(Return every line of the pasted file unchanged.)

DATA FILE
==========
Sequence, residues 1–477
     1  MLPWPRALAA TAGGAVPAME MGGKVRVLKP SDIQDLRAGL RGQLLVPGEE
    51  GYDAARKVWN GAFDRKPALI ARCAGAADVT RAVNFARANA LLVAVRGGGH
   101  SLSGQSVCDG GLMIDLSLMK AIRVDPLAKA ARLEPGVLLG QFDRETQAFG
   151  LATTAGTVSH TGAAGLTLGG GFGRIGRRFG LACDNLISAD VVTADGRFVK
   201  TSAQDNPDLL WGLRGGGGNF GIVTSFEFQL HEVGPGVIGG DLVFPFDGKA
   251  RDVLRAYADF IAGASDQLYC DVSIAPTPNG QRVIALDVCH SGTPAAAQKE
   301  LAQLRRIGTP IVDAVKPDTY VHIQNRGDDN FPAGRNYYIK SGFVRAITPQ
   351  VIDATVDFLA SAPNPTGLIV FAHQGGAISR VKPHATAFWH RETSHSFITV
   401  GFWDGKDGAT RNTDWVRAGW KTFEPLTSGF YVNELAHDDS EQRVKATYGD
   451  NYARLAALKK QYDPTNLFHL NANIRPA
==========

Sequence, residues 1–477
     1  MLPWPRALAA TAGGAVPAME MGGKVRVLKP SDIQDLRAGL RGQLLVPGEE
    51  GYDAARKVWN GAFDRKPALI ARCAGAADVT RAVNFARANA LLVAVRGGGH
   101  SLSGQSVCDG GLMIDLSLMK AIRVDPLAKA ARLEPGVLLG QFDRETQAFG
   151  LATTAGTVSH TGAAGLTLGG GFGRIGRRFG LACDNLISAD VVTADGRFVK
   201  TSAQDNPDLL WGLRGGGGNF GIVTSFEFQL HEVGPGVIGG DLVFPFDGKA
   251  RDVLRAYADF IAGASDQLYC DVSIAPTPNG QRVIALDVCH SGTPAAAQKE
   301  LAQLRRIGTP IVDAVKPDTY VHIQNRGDDN FPAGRNYYIK SGFVRAITPQ
   351  VIDATVDFLA SAPNPTGLIV FAHQGGAISR VKPHATAFWH RETSHSFITV
   401  GFWDGKDGAT RNTDWVRAGW KTFEPLTSGF YVNELAHDDS EQRVKATYGD
   451  NYARLAALKK QYDPTNLFHL NANIRPA